Guest editorial: Non-fungible tokens explained

By Dr. Sherwood Burr


“What’s an NFT?”


It’s one of the most common questions I’ve been asked lately, right up there with “Are you gonna finish that pilaf?” and “Why do you think I’m your dad?”


Let’s break it down word-by-word. A token is something you might use at an arcade, a car wash, or a coin-operated strip club. Fungible means capable of knowing that the plural of fungus is fungi, and “non” was my nickname in high school.


Put them all together and you’ve got a one-of-a-kind art piece that is only available virtually. The purchaser of an NFT will have exclusive access to the image and be able to display it as all great art should be – over hot wings at a Hooters. Plus, this gives you a great way to edge into a conversation when someone else pulls out their phone to show photos. Yeah, we get it, Rachel, you like taking pictures of your kids. Bored!


Recently, an artist named Beeple sold his NFT for $69 million. I tried to look at it but I accidentally typed “Peeple” and went to a website dedicated to sexual role play for those who dress as marshmallow Peeps. At first, I thought they were weirdos, but they’re really nice and were willing to let me join for only $100.


To purchase an NFT one must use cryptocurrency (see my helpful article explaining that) via blockchain – a device originally developed by Minnesotans trying to get trucks out of snowy ditches but is now used to buy things that range from semi-illegal and fully illegal.


Now, I know what you’re thinking, “Sher-dogg (in this analogy we’re close friends with pet names) I thought the internet was only used for buying shoes and fat shaming.” Well, not anymore! The internet is now your gateway to art collecting.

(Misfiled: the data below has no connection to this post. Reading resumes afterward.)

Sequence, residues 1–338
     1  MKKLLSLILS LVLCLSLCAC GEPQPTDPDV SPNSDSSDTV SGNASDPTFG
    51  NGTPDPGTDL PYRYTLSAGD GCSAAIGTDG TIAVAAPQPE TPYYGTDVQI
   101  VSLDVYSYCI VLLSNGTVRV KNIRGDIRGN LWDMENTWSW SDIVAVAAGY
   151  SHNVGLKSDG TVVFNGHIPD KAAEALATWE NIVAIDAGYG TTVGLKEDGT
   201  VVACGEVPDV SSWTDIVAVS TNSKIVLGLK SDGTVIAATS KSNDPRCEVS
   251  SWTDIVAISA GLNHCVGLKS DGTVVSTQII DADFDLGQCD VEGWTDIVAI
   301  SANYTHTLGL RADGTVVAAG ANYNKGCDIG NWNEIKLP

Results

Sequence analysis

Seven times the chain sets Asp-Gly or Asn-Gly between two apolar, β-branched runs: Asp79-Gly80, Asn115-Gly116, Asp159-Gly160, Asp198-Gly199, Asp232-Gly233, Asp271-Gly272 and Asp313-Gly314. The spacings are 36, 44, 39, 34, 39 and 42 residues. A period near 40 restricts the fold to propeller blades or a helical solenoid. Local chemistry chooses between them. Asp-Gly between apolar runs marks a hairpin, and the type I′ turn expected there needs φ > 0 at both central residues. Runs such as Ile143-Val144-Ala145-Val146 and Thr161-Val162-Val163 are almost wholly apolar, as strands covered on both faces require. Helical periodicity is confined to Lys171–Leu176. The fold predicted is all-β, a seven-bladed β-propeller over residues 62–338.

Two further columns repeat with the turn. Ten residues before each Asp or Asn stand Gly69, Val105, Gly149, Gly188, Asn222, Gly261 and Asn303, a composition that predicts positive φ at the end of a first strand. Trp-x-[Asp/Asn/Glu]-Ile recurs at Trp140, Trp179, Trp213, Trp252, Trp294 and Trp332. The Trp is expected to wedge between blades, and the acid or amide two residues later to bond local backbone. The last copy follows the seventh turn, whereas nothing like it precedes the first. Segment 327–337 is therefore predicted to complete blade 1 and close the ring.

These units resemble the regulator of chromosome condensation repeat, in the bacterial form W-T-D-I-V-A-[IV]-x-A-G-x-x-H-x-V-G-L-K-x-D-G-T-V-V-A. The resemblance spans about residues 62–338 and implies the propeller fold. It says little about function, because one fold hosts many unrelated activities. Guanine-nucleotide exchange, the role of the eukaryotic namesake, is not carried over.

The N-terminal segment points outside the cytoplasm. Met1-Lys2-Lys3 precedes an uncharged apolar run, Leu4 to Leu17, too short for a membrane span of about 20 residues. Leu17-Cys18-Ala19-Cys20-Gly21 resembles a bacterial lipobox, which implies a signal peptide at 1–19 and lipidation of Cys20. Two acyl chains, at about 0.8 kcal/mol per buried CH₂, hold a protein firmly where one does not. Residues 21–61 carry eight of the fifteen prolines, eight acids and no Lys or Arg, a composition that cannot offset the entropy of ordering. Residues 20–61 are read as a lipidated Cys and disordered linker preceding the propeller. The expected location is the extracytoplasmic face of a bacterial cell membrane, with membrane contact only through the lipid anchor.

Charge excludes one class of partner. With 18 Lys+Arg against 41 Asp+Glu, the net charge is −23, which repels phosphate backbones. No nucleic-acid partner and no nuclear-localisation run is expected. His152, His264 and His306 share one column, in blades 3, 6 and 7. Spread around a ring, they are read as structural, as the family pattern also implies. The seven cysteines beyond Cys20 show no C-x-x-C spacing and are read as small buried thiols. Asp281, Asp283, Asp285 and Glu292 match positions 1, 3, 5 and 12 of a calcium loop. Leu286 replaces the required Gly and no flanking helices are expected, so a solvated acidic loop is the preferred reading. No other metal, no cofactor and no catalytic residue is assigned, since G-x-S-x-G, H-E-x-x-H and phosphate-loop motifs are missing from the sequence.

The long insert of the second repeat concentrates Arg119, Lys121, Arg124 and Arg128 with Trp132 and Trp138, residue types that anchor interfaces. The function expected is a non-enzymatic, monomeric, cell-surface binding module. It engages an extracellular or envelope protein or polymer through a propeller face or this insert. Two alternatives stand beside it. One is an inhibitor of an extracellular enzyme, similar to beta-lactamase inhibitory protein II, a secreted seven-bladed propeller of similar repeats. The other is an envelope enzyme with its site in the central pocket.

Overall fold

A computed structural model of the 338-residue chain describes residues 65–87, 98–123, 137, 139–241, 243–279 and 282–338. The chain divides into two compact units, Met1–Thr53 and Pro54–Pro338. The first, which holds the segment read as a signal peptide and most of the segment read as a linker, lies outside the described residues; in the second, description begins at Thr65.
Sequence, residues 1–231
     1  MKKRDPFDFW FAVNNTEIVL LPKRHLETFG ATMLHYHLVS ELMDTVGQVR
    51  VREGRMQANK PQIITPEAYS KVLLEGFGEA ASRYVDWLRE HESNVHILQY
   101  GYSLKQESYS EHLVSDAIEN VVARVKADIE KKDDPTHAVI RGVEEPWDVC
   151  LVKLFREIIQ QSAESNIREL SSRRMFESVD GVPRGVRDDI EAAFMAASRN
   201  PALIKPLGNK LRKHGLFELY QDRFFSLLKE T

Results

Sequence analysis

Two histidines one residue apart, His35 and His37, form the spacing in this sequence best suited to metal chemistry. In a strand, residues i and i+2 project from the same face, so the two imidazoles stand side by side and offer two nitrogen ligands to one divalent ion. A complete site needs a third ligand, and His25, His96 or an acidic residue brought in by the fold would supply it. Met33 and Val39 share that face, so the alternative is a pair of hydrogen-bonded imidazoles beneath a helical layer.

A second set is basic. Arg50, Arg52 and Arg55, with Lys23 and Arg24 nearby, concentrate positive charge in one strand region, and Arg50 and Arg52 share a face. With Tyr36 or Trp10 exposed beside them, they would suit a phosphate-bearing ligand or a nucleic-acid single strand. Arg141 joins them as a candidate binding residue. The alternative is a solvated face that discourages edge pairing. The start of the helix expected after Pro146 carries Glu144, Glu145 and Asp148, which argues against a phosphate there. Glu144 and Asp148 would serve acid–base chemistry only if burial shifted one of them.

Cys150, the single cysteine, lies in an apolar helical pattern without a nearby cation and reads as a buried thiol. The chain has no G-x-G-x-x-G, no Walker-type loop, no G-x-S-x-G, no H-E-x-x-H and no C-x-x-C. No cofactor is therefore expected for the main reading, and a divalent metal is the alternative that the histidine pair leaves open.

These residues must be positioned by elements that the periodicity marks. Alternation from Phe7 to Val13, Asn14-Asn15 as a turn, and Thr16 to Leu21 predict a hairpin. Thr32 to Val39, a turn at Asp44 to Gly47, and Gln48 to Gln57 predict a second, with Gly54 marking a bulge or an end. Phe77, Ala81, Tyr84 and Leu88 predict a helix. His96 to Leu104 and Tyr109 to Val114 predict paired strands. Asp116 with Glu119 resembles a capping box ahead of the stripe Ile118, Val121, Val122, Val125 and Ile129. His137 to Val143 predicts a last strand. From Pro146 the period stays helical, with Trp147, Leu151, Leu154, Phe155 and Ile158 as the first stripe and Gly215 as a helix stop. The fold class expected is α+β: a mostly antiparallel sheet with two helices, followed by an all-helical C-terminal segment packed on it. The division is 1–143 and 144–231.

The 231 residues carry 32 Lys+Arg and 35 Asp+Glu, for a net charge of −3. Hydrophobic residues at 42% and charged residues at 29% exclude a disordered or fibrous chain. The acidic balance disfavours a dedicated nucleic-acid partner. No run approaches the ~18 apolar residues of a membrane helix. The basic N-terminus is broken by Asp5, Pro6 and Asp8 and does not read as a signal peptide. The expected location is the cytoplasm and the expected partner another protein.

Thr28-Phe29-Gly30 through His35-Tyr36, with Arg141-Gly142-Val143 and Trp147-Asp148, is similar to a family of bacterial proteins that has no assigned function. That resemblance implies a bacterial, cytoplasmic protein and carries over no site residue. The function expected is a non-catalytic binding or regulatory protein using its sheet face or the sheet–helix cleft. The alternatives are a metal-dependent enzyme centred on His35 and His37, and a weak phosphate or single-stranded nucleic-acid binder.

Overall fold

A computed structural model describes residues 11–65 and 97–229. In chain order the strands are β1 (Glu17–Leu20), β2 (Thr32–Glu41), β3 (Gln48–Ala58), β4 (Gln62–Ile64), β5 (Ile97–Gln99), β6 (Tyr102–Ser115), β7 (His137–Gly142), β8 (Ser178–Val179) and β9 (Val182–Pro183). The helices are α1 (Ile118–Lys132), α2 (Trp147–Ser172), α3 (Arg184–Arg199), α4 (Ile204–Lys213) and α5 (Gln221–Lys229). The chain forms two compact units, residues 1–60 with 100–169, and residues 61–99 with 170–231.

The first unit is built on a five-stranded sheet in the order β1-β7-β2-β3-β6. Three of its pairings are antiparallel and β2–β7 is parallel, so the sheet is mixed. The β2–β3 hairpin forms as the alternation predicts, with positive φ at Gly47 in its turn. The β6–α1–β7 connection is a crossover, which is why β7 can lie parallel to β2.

You might run into a critic who will tell you that you’re not really an art collector, you just paid a ton of money for images that anyone can see for free. They’ll also tell you that art transcends ownership and belongs not to one but to all. Yeah, tell that to the security guards at the Louvre. Last time I was there, I tried to pick up the Mona Lisa to see how heavy it was but they wouldn’t let me close to it. My French is a little rusty but I think they were saying, “Sherwood, you’re so handsome and virile that the five of us wanted to pile on top of you.”


I’ve already started my collection; I paid a mere 100 grand to an up-and-coming photo artist named Plopsey for her photo of a half-eaten Filet O’Fish entitled “My Lunch”. If you’d like to see it, stop by the Peeple meeting tonight at the Motel 6 out by the airport. Just be sure to leave your camera, and your inhibitions, at the front desk.


Dr. Sherwood Burr appears courtesy of the University of the Wayward where he teaches philosophy and coaches junior varsity thumb wrestling

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